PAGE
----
Stereoselective syntheses of chiral alcohols(R)- stereoselective ketoreductase LbADH, in combination with a glucose dehydrogenase (GDH) expressed in Escherichia coliEnzymes immobilization on magnetic microbeads in polymethylmethacrylate (PMMA) chip with volume of 11.7 µL. Microreactor was operated at a flow rate of 1 μL/min at 30 °C for up to 109 h.In the first two days, the reactor showed an average overall conversion of 98% to form 8% (R)-syn/anti-hydroketone with 90% of the wanted diol product, resulting in a diol space–time yield of 131 g/(L·day).[84]
Biodegradation of the Acid Violet 109 anthraquinone dyeSoybean and potato peroxidasePolymer membrane formation by the cross-linking approach with oxidized pectin and soybean or potato peel peroxidase on the inner PTFE microreactor volume 250 µL. Reaction was performed at T = 25 °C and pH = 4.High biodegradation efficiencies of 95 and 76% were achieved by soybean and potato peroxidase at 3 min residence time in a microreactor. After 10 cycles of reuse soybean peroxidase retained 65% of its initial activity, while potato peroxidase retained only 35% of its initial activity.[85]
Glucose oxidation at low concentrationsGlucose oxidase and horseradish peroxidaseDNA-directed immobilization to fix glucose oxidase and horseradish peroxidase in the capillary, which had been functionalized with polyami-doamine dendrimer in a microreactor with volume of V = 2.25 µL. Reaction was performed with 100 mmol/L of glucose at T = 25 °C and pH = 6.Prepared IMER ultimately retained approximately 70% of its initial activity for 25 days. After continuous enzymatic hydrolysis for ten cycles using the same capillary, enzymatic activity remained above 80% of its initial value.[86]
Four proteins (myoglobin, lysozyme, hemoglobin, and albumin) in a wide size range (15–70 kDa) were digested to demonstrate the applicability of the reactorPorcine pancreas trypsinSilica particles with covalently immobilized trypsin packed inside of a poly(dimethylsiloxane) (PDMS) microchip channel (V = 350 µL). Microreactor was operated at a flow rate of 1–3 μL/min at 37 °C.The protein:enzyme ratio after immobilization was 50:5000, while at in batch digestion it is 50:1. A higher protein:enzyme ratio ensures digestion under 10 s, while in batch process it takes 16 h.[87]
Digestion efficiency of serum albuminChymotrypsinMicrochannel surface immobilization by triethoxysilylbutaraldehyde (TESB). Reaction was performed at T = 30 °C and pH = 8 and enzyme to substrate ratio of 10:1.TESB used for enzyme immobilization has the potential to facilitate a greater degree of enzymatic digestion with higher sequence coverage.[88]
Digestion efficiency of serum albuminPorcine pancreas trypsinCovalent immobilization on poly(dimethylsiloxane) microchannel produced with pillars to increase surface-to-volume ratio. Reaction was performed at T = 30 °C and pH = 8.Significant reduction of reaction time taking into account that digestion with the IMER requires less than 10 min, while in-solution digestion takes 16 h.[89]
Biotransformation of fumaric into L-malic acidPermeabilized Saccharomyces cerevisiae cellsThe immobilization of yeast cells was achieved by entrapment in a porous structure of hydrogels based on different ratios of sodium alginate and polyvinyl alcohol. Microreactor with active volume of V = 350 μL was operated at T = 22–60 °C, pH 7 and at flow rates of 2–20 μL/min.The continuous biotransformation process using two layers of hydrogels integrated into a two-plate microreactor ensured high space time yield of 2.86 g/(L·h).[90]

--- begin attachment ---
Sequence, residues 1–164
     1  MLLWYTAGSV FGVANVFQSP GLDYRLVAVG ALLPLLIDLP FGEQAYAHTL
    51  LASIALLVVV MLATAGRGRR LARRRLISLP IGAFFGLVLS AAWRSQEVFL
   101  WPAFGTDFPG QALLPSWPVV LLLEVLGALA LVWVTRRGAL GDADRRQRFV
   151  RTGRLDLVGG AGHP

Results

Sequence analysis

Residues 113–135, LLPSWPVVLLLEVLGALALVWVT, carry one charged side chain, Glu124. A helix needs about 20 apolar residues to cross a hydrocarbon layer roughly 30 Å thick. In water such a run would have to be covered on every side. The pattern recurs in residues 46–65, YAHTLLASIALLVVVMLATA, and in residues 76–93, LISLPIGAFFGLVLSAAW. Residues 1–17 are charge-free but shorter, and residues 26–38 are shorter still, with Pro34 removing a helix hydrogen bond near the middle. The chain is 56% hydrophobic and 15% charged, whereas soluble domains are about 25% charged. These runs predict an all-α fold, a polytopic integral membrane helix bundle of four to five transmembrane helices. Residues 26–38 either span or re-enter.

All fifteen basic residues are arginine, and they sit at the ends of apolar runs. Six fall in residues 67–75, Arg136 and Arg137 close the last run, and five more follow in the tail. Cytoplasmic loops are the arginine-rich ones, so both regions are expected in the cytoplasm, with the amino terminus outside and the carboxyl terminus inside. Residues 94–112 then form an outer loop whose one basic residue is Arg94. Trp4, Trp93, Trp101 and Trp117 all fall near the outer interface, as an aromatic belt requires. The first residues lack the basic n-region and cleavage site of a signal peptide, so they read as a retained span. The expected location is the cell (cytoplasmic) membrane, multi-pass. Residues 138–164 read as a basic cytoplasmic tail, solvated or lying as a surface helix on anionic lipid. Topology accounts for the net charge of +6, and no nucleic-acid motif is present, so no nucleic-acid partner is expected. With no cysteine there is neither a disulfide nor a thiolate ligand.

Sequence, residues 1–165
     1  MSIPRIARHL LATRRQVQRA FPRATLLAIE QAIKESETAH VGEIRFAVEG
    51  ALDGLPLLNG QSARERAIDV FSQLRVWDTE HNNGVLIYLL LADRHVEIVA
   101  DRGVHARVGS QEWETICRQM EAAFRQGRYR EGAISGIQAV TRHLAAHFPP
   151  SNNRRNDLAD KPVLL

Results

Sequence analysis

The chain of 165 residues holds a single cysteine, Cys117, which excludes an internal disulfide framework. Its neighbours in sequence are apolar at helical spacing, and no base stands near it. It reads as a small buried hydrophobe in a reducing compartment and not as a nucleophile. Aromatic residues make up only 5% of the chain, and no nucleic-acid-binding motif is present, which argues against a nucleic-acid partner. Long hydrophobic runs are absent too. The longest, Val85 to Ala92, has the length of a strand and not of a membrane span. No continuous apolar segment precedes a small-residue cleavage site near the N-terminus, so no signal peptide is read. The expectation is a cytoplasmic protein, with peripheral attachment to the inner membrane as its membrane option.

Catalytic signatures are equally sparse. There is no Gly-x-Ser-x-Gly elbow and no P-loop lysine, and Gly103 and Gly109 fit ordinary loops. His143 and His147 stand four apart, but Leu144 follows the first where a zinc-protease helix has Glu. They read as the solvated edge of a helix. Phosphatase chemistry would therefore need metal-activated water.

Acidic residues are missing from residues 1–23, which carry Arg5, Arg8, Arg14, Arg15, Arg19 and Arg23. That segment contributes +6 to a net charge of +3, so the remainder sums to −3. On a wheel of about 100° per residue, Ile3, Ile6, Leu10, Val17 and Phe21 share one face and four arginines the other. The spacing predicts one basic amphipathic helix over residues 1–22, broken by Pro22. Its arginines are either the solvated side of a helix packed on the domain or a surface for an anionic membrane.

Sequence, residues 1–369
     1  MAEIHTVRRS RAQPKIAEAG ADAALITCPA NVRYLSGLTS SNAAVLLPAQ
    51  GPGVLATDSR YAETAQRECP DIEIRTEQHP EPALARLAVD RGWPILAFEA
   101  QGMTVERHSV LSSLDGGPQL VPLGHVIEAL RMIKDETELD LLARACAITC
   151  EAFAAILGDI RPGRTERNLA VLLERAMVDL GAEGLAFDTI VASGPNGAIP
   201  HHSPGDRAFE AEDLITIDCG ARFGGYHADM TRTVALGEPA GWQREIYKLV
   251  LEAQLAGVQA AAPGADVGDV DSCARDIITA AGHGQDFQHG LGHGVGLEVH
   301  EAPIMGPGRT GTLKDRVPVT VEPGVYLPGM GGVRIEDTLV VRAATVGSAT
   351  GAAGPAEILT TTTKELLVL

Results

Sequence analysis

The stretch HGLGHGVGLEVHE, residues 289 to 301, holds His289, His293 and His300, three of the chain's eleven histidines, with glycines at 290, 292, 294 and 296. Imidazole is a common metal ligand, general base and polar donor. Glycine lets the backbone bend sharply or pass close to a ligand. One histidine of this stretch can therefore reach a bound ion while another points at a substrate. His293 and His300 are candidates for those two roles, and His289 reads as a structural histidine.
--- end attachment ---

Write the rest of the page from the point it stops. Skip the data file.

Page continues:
TransaminationAmine transaminase expressed in Escherichia coli was immobilized together with the cofactor pyridoxal phosphateThe enzyme and cofactor were retained in a porous copolymeric hydrogel matrix formed in a two-plate microreactor. Microreactor with active volume of 620 μL was operated at T = 25 °C and pH 8.The space–time yield of the microbioreactor was 19.91 g/(L·h), while the highest achieved biocatalyst productivity was 5.4 mg/(mgenzyme·h).[91]
Transesterification of vinyl butyrate and 1-butanol into butyl butyrateImmobilized Candida antarctica lipase BPacked bed reactor with immobilized Candida antarctica lipase B in the form of porous particles.
Microreactor with active volume of 55.2 μL was operated at T = 25 °C.
Maximal conversion of approximately 95% was obtained in less than 0.8 min.[92]
Synthesis of acetophenon and L-alanineω-transaminasePacked bed reactor with ω-transaminase that was efficiently immobilized within LentiKats®. Microreactor with active volume of 55.2 μL was operated at T = 25 °C and pH 8.70% conversion is achieved for residence time of 7 min. More than 80% of the initial productivity has been retained after a period of 21 days of the continuous miniaturized packed-bed reactor operation.[93]
Kinetic resolution of racemic aminesTransaminase expressing E. coli whole cellsTransaminase expressing E. coli cells were immobilized on the surface of the continuously operated reactor with active volume of 816 μL. Microreactor was operated at T = 25 °C and pH 7.5.50% conversion was achieved at flow rate of 40 µL/min and with substrate concentration of 20 mmol/L.[94]
The transesterification of soybean oil for fatty acid methyl ester productionLipase from Candida antarcticaLayer by layer coatings composed of polyethylenimine and lipase. Reaction was performed at molar ratio of oil to methanol of 1:7 and temperature of 50 °C95% conversion rate achieved in 53 min.[95]
Synthesis of glycerol ferulateLipase from Candida antarctica3D-printed polylactic acid microwell plates or tubular microfluidic reactors were modified with polyethylenimine and lipase was covalently immobilized in the interior of each structure.Maximum productivity achieved with immobilized enzyme was 17.2 µg/(min·µgenzyme).[96]